QUEBEC CITY – Before the 2008 IIHF World Championship, it wasn’t considered likely that the Swiss national team would benefit from the small ice in Canada. Especially not since their only NHL skater, top-scoring Montreal defenceman Mark Streit, is missing his first World Championship since 1998, when the era of coach Ralph Krueger began, due to a back injury.
The reality is different. Switzerland is playing one of its best tournaments ever, and won a World Championship group for the first time with three straight victories over France, Belarus and Sweden.
The Swiss experienced a setback after shocking Sweden when they lost 5-0 to the Czechs, but Sunday’s 7-2 rout of Denmark put them back on track. The rejuvenated team with four Worlds rookies – defencemen Raphael Diaz and Philippe Furrer, plus forwards Peter Guggisberg and Roman Wick – impressed by outshooting their opponents 54-20 shots. That’s an unusually high number of shots for the Swiss.
In the big picture, this emergence is great timing. Next year, the Swiss will host the World Championship, playing their games in the 17,000-capacity PostFinance Arena in Berne. So it’s nice to see them moving away from purely defensive play and the usual routine of being ranked either eighth or ninth. Like last year, Switzerland has qualified for the quarter-finals, and after many years as the perennial Number Eight team of the hockey world, Krueger’s team will move up in the 2008 IIHF World Ranking. They’ve overtaken Slovakia for seventh spot and even have a chance of overtaking the United States.
“It’s a mighty moral victory to be seventh and to overtake Slovakia,” says Krueger. While the rest of the hockey world usually doesn’t count Switzerland among the truly elite teams, excluding them from the “Big Seven”, they’ve now tiptoed into that group, so to speak.
Krueger, a German-Canadian, had his biggest previous successes in 1998. With the Austrian club VEU Feldkirch, he won the European Hockey League, a club competition featuring champions from the best European leagues and forerunner of the new Champions Hockey League. It was the biggest surprise ever in European club hockey, something almost as improbable as Austria winning the Worlds.
That same season, Krueger also began his work as the Swiss national coach, and the 1998 World Championship was played on home ice in Zurich and Basle. The newly promoted team with its rookie coach surprised everyone and caused euphoria with a fourth-place finish. But never since then have the Swiss qualified for the semi-finals, even though there have been some upsets, such as the sixth-place finish at the 2006 Olympics in Turin, Italy, and also at the 2000 World Championship in St. Petersburg, Russia.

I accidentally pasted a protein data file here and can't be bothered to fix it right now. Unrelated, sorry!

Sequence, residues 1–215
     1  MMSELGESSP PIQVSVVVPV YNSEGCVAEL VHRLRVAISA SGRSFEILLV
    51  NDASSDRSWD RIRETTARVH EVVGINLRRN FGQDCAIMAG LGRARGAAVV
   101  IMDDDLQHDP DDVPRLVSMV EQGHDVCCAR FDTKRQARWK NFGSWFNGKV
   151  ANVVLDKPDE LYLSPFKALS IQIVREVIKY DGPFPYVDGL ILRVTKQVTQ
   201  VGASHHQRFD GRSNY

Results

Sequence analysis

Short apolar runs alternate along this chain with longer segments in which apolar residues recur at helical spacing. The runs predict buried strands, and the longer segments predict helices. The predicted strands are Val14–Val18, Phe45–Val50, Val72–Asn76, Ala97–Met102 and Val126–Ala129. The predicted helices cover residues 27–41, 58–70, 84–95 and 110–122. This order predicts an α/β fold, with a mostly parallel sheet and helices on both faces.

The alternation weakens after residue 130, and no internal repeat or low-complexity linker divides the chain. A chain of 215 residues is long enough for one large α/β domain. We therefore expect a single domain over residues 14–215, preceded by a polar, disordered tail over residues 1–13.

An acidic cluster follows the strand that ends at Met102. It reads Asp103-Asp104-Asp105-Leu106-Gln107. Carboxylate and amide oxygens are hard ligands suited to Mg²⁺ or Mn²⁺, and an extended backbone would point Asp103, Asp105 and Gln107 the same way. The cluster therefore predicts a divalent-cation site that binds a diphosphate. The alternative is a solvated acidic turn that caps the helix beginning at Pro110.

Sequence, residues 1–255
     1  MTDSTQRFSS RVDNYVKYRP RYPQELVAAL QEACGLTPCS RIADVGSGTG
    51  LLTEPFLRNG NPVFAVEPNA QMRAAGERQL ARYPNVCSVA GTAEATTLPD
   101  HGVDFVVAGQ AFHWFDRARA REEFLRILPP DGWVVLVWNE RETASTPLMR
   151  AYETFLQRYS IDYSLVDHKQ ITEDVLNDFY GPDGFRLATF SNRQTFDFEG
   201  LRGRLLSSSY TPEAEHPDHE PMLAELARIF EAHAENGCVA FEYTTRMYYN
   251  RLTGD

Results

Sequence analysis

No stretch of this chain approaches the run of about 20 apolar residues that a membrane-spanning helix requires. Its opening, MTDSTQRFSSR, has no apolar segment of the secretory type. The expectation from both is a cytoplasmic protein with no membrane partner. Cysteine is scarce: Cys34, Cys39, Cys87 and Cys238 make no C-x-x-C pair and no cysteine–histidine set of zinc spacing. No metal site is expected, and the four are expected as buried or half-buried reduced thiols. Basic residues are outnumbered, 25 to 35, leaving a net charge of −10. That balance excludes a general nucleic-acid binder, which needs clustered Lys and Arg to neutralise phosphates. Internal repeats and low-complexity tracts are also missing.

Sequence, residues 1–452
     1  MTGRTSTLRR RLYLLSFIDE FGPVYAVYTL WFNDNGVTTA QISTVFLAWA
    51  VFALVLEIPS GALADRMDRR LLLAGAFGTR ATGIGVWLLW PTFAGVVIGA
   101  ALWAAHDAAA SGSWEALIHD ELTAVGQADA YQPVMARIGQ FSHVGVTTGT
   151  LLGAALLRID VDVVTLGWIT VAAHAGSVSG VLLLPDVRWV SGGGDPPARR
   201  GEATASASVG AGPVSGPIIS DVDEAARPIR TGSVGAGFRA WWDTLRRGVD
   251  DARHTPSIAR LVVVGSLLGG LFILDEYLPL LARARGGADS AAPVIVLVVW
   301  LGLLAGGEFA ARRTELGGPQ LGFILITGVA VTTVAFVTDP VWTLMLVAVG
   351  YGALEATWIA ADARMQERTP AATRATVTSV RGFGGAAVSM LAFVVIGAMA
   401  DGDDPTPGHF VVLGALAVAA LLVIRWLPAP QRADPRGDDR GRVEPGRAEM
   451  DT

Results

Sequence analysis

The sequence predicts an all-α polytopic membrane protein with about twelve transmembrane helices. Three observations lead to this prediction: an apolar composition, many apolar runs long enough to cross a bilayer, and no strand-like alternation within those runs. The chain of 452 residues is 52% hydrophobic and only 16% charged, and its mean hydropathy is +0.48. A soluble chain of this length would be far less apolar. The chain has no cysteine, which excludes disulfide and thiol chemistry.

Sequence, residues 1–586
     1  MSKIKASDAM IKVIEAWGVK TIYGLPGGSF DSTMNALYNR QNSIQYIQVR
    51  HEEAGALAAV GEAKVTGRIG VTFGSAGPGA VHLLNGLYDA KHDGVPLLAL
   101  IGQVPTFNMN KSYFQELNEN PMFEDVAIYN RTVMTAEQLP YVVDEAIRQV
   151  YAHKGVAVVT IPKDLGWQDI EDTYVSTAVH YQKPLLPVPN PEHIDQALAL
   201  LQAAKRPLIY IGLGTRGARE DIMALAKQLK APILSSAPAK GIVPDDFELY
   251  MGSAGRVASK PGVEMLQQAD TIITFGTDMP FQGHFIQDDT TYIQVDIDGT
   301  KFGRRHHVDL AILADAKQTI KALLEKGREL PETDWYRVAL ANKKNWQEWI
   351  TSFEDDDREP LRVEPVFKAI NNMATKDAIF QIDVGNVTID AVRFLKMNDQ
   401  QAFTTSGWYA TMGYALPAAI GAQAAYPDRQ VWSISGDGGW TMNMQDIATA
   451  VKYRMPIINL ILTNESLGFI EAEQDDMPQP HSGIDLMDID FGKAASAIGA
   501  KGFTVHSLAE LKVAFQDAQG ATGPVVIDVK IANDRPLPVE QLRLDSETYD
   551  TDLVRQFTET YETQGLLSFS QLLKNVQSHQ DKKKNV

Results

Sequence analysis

Are the Swiss finally strong enough to qualify for the semis again? It’s not explicitly expected by Krueger, but more than desired. “We have a complete different group here than the last two years in Riga and Moscow,” Krueger says. “I’m proud of my players and how they regrouped after the loss to the Czechs. They were under lots of pressure.”
Last year, Krueger was criticised after only posting one-goal wins over Italy and Latvia in the first two games. The Swiss public expected more than the usual eighth-place result. However, this year there’s been no more discord in the Swiss media.
The team is applying more pressure on the nets of their opponents. The players attack more and are physically stronger. Denmark, which usually gives the Swiss a decent battle, was completely overwhelmed. And the team hasn’t collapsed despite the lack of several veterans. “It was a huge challenge for the team to do without Streit, who was averaging 30 minutes of ice time last year. It was a challenge offensively and for the defenders,” says Krueger.
Krueger also cut former Phoenix Coyotes centre Patrick Fischer (who played in Moscow 2007) and Frolunda Gothenburg star Martin Pluss – to the surprise of most Swiss fans. He doesn’t have to explain himself anymore. But he’s happy to share the credit. “We have a great youth program and coaching at junior level,” he says.
Now, one game before the quarter-finals, the Swiss are at a crossroads. They control their own destiny for the elimination games. With a win over group E leader Russia, the Swiss would finish first and play the Czechs. If they get a point, they will be second and face Sweden. And if, as commonly expected, they don’t get a point versus Vyacheslav Bykov’s team, they will face the Russians again two days later in the quarter-finals.
Krueger isn’t content to rest on his laurels: “We want to beat another country in a situation where no one thinks we have a chance.” Versus Russia, the slightly injured players could be sidelined, and Ottawa Senators goalie Martin Gerber is expected to sit on the bench after the Denmark game. Anaheim Ducks netminder Jonas Hiller might get his second start on Monday.
“For us, this game is a preparation for the quarter-finals,” says Krueger. “We still have to get better with the puck. Let’s see how it goes.” Will it be Russian roulette for the Swiss, or will they stage another upset against the Russians like in 1998 in Basle (4-2), 2000 in St. Petersburg (3-2), or 2005 in Vienna (3-3)?